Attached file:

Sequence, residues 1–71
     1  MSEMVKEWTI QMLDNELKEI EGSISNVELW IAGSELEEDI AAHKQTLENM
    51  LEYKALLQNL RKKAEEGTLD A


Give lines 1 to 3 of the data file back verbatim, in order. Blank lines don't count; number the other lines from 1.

Sequence, residues 1–71
     1  MSEMVKEWTI QMLDNELKEI EGSISNVELW IAGSELEEDI AAHKQTLENM
    51  LEYKALLQNL RKKAEEGTLD A